This is part three of a five-part series.
Lee Reads Jewelers
For more than 20 years, the folks at Lee Read Jewelers have been taking Polaroid pictures of newly engaged couples as part of their “Lee Read’s Smile” board. What was once a mosaic of “Polaroid moments” on a board in the store is now a major campaign for the Boise retail jeweler.
Images of happy couples are everywhere as part of the campaign, including the store’s homepage and special “Lee Read’s Smile” customer video Web page, TV and newspaper ads and even store Duratrans. But the image placement from the campaign that is getting the most notice is on the 550 square-foot diamond-shape light box that is just as commanding a sight from the store’s front as the building’s regal-looking facade.
When the superstore opened in 2000, three large diamond shapes were filled with white stucco and the store logo in black lettering on top. Five years later the logo changed and with it the light boxes were installed. For years product shots from various vendors were placed in the mammoth light boxes. Since last year, digital images of couples from the “Lee Read’s Smile” campaign have been displayed. Three times a year a new couple is featured in the large light boxes.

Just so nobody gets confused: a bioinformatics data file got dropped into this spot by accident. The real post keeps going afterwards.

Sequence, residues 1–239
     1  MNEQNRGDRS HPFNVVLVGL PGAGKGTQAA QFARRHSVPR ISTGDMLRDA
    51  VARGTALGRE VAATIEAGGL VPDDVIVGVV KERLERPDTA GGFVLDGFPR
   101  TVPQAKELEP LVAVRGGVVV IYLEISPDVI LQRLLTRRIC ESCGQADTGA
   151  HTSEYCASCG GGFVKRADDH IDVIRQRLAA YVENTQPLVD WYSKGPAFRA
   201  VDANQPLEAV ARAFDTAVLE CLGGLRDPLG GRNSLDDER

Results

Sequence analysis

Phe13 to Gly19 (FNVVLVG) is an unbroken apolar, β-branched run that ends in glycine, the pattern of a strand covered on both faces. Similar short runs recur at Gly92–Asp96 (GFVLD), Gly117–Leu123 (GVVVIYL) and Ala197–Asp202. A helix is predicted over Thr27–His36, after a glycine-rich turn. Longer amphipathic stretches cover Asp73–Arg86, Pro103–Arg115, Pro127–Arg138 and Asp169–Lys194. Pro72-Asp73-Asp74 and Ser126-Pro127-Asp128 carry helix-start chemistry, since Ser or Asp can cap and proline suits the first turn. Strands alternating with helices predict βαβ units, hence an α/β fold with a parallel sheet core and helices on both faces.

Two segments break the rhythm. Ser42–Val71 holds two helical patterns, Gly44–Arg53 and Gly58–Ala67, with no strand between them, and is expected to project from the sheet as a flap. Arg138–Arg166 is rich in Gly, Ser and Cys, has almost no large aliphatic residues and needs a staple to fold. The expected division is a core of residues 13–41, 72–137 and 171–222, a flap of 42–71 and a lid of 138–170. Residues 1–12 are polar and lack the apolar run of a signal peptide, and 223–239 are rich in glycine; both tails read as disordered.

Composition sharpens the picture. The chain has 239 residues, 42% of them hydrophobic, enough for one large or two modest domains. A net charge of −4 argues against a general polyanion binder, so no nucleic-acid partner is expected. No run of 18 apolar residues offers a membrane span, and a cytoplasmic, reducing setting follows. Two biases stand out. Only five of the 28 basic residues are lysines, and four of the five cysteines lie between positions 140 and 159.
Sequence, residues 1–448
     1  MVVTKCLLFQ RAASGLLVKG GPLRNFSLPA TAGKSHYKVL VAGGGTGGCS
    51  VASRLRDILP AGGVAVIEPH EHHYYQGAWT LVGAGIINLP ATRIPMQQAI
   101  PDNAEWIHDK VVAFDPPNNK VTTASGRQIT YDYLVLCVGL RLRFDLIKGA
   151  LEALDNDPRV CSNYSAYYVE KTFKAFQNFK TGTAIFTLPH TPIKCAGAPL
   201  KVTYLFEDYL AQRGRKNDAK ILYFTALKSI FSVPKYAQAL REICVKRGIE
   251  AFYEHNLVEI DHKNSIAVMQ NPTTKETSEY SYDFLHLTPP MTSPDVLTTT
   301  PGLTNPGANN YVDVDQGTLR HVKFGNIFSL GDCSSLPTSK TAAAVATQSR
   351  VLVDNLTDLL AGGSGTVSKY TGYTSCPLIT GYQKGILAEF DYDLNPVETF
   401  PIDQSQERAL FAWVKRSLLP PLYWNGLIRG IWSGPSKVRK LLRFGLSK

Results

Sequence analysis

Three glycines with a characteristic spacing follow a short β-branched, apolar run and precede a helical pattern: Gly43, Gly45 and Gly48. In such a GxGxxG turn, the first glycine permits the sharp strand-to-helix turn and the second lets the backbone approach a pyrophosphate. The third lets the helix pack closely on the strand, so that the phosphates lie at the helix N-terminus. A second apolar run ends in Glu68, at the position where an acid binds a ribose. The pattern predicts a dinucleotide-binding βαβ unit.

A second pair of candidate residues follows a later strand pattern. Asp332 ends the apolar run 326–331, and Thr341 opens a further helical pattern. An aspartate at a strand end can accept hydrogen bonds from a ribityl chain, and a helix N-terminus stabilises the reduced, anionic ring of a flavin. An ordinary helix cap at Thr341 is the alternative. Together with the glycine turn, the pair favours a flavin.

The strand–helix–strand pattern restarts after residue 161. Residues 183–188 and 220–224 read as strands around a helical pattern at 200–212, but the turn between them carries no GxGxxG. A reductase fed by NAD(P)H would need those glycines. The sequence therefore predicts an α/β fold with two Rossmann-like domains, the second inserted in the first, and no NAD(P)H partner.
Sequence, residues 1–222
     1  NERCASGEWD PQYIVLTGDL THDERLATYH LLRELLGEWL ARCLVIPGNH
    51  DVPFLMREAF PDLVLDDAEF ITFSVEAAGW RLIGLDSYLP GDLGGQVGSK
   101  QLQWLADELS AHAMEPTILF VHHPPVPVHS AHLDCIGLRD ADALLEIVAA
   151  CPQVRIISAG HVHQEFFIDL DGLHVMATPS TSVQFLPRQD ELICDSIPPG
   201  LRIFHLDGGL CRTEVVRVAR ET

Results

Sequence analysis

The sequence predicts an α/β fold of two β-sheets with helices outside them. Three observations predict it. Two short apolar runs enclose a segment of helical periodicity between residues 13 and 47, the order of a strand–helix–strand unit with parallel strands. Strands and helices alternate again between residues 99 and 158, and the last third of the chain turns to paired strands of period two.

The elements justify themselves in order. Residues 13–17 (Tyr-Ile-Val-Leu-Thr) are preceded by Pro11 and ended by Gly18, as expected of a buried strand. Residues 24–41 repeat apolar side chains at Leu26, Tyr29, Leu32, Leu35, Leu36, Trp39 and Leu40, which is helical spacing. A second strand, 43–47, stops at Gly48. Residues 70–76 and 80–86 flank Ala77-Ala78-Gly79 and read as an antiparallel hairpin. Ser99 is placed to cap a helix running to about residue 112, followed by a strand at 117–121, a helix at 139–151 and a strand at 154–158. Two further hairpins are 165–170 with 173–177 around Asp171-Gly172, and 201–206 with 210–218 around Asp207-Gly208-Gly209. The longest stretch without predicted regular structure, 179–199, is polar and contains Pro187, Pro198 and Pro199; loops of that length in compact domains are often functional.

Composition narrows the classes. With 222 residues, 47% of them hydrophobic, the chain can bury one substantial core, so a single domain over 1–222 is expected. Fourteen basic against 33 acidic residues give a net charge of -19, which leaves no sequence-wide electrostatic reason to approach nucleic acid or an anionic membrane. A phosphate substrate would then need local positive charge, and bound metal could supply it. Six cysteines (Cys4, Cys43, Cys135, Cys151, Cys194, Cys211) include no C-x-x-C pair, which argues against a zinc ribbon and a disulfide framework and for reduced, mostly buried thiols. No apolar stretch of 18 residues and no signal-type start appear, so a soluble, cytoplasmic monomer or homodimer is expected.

The light boxes have always been a huge win for the Lee Read Jewelers. Near I-84, nearly 80,000 motorists pass by the superstore each day, according to Sarah Read, director of sales and marketing. The beauty of the campaign is the raw and real quality it has and how people in the Boise market relate to it. The images are impromptu poses using a simple point-and-shoot 6 megapixel digital camera. “Customers are asked to stand in front of our huge aquarium in the store to give the image a little color contrast in the background,” says Read. “We don’t care what they’re wearing be it jeans and T-shirt to donning a cowboy or baseball cap. We keep it real and that’s what people like.”
Images of couples are shot on a digital camera. Read then takes the best image and has it transferred to a large 550-square-foot piece of film. Contractors then come to the store and change out the huge pieces of film. “We ask people if they want the film,” says Read. “One guy recently asked for his to hang up in his garage.”
When an image of a couple is in the light box, Lee Read employees receive phone calls asking if a person the caller knows or think they know is in the picture. “We get that a lot,” says Read. But, what’s fun about the campaign is giving Boise couples more than the 15 minutes of fame Andy Warhol promised each American.